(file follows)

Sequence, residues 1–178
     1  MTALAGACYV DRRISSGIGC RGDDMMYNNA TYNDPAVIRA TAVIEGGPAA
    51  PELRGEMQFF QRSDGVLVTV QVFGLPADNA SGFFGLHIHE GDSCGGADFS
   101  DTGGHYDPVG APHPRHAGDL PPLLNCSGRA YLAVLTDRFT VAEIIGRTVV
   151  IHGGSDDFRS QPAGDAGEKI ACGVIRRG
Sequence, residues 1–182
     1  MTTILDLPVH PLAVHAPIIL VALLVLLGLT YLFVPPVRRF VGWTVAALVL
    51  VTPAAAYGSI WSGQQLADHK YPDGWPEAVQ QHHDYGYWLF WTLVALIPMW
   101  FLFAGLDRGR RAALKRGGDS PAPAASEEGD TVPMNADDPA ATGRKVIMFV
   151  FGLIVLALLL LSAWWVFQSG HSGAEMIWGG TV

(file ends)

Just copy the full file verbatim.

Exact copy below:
Sequence, residues 1–178
     1  MTALAGACYV DRRISSGIGC RGDDMMYNNA TYNDPAVIRA TAVIEGGPAA
    51  PELRGEMQFF QRSDGVLVTV QVFGLPADNA SGFFGLHIHE GDSCGGADFS
   101  DTGGHYDPVG APHPRHAGDL PPLLNCSGRA YLAVLTDRFT VAEIIGRTVV
   151  IHGGSDDFRS QPAGDAGEKI ACGVIRRG
Sequence, residues 1–182
     1  MTTILDLPVH PLAVHAPIIL VALLVLLGLT YLFVPPVRRF VGWTVAALVL
    51  VTPAAAYGSI WSGQQLADHK YPDGWPEAVQ QHHDYGYWLF WTLVALIPMW
   101  FLFAGLDRGR RAALKRGGDS PAPAASEEGD TVPMNADDPA ATGRKVIMFV
   151  FGLIVLALLL LSAWWVFQSG HSGAEMIWGG TV